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The expansion is isothermal, so T remains constant over the entire process. Since n and R are also constant, the only variable in the integrand is V , so the work done by an ideal gas in an isothermal process is
Notice that if ${V}_{2}>{V}_{1}$ (expansion), W is positive, as expected.
The straight lines from A to B and then from B to C represent a different process. Here, a gas at a pressure ${p}_{1}$ first expands isobarically (constant pressure) and quasi-statically from ${V}_{1}\phantom{\rule{0.2em}{0ex}}\text{to}\phantom{\rule{0.2em}{0ex}}{V}_{2}$ , after which it cools quasi-statically at the constant volume ${V}_{2}$ until its pressure drops to ${p}_{2}$ . From A to B , the pressure is constant at p , so the work over this part of the path is
From B to C , there is no change in volume and therefore no work is done. The net work over the path ABC is then
A comparison of the expressions for the work done by the gas in the two processes of [link] shows that they are quite different. This illustrates a very important property of thermodynamic work: It is path dependent . We cannot determine the work done by a system as it goes from one equilibrium state to another unless we know its thermodynamic path. Different values of the work are associated with different paths.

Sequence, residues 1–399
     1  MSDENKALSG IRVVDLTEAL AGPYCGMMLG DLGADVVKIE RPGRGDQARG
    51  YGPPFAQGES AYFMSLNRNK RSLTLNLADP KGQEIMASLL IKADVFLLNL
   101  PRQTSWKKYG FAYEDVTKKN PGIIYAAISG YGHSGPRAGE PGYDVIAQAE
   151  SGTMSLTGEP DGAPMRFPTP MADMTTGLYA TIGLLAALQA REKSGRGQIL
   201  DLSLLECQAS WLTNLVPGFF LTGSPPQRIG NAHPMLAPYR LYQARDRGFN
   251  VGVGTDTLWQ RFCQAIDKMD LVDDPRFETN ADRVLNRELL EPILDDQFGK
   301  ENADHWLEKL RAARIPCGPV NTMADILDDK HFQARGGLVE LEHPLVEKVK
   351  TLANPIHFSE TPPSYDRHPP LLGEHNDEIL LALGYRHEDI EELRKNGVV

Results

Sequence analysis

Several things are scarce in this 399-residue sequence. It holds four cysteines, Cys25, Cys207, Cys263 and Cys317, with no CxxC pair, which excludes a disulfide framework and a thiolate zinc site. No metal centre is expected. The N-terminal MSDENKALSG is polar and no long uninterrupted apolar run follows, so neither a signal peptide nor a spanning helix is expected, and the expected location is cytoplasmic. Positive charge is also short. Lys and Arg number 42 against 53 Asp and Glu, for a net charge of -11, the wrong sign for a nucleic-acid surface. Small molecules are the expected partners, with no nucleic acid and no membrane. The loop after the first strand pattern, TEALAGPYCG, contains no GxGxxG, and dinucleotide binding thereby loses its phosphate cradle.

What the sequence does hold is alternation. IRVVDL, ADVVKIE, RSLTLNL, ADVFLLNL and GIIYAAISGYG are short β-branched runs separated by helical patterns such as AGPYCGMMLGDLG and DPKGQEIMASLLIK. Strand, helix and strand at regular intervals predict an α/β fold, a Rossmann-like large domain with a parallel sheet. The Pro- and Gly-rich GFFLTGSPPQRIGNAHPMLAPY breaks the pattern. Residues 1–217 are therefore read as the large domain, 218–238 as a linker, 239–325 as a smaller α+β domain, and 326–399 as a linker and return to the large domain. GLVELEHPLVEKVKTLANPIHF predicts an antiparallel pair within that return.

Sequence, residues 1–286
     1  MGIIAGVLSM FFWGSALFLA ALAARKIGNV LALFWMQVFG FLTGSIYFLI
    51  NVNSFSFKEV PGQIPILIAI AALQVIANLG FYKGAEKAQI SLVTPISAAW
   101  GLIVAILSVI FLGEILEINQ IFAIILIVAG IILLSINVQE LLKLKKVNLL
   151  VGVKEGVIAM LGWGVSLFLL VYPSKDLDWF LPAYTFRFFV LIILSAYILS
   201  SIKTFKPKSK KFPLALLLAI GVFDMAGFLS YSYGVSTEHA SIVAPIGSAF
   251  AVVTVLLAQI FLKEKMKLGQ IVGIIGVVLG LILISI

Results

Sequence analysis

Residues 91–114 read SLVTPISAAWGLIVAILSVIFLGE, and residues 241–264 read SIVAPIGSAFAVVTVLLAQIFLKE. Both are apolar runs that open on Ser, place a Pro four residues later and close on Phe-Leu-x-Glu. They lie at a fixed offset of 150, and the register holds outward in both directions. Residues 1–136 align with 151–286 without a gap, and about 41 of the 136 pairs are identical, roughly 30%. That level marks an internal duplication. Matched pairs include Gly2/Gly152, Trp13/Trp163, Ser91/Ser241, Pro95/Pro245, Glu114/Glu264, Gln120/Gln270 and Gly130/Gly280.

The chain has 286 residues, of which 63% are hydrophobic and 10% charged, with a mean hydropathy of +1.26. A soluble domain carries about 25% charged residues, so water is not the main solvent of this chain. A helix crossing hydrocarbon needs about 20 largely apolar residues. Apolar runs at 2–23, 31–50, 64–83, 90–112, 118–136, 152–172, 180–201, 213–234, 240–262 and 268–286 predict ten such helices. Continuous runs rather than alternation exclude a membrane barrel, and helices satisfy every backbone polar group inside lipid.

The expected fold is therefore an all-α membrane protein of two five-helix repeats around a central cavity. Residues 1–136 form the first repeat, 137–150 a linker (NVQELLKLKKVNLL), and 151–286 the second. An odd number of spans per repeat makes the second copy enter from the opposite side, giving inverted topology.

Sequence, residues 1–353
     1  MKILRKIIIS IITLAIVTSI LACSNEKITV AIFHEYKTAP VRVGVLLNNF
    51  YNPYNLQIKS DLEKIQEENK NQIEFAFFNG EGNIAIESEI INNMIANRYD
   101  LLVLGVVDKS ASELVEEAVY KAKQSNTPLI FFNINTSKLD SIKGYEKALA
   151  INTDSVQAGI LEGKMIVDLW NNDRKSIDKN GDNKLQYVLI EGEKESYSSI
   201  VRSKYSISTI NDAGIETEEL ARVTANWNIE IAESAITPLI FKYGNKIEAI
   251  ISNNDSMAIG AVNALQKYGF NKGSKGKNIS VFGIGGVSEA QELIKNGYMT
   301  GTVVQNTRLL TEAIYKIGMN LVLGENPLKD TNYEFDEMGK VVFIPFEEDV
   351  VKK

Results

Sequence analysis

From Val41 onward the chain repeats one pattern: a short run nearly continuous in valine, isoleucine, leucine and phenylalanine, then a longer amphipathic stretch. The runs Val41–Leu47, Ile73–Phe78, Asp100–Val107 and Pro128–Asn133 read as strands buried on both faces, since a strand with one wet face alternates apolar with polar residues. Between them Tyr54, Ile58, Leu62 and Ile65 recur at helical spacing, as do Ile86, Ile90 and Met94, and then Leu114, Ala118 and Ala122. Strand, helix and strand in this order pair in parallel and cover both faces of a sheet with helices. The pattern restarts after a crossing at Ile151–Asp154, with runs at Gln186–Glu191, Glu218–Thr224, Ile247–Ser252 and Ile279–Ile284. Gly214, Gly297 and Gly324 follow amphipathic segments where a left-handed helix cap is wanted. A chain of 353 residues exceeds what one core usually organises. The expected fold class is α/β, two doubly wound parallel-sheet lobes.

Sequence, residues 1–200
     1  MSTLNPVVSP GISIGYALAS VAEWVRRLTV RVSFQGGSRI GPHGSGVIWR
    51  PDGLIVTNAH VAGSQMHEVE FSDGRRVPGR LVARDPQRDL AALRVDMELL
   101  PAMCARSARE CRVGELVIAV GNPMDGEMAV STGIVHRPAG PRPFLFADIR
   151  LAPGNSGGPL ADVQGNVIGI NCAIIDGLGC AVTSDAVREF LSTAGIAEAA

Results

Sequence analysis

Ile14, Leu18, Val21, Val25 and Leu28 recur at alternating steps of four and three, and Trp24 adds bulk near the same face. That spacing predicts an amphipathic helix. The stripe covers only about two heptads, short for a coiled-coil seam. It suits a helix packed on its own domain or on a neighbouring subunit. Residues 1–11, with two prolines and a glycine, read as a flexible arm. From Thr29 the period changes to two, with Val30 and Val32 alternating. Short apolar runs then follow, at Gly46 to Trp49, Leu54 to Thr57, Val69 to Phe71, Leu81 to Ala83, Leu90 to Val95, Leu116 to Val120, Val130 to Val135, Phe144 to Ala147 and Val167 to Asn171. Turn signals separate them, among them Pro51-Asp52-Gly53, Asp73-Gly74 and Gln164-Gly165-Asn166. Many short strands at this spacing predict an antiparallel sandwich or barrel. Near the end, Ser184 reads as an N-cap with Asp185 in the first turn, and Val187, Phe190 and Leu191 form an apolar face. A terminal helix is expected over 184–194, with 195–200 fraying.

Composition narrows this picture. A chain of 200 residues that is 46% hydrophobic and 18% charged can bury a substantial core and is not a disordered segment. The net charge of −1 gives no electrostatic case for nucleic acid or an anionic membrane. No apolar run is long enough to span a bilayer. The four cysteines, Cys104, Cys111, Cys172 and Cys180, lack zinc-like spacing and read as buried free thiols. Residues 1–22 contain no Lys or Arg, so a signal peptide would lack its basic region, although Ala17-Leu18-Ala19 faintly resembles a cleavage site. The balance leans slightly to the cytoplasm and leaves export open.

where a and b are two parameters for a specific gas. Suppose the gas expands isothermally and quasi-statically from volume ${V}_{1}$ to volume ${V}_{2}.$ How much work is done by the gas during the expansion?
Because T is constant under the isothermal condition, the work done by 1 mol of a van der Waals gas in expanding from a volume ${V}_{1}$ to a volume ${V}_{2}$ is thus
Check Your Understanding How much work is done by the gas, as given in [link] , when it expands quasi-statically along the path ADC ?
${p}_{2}({V}_{2}-{V}_{1})$
The internal energy ${E}_{\text{int}}$ of a thermodynamic system is, by definition, the sum of the mechanical energies of all the molecules or entities in the system. If the kinetic and potential energies of molecule i are ${K}_{i}$ and ${U}_{i},$ respectively, then the internal energy of the system is the average of the total mechanical energy of all the entities:
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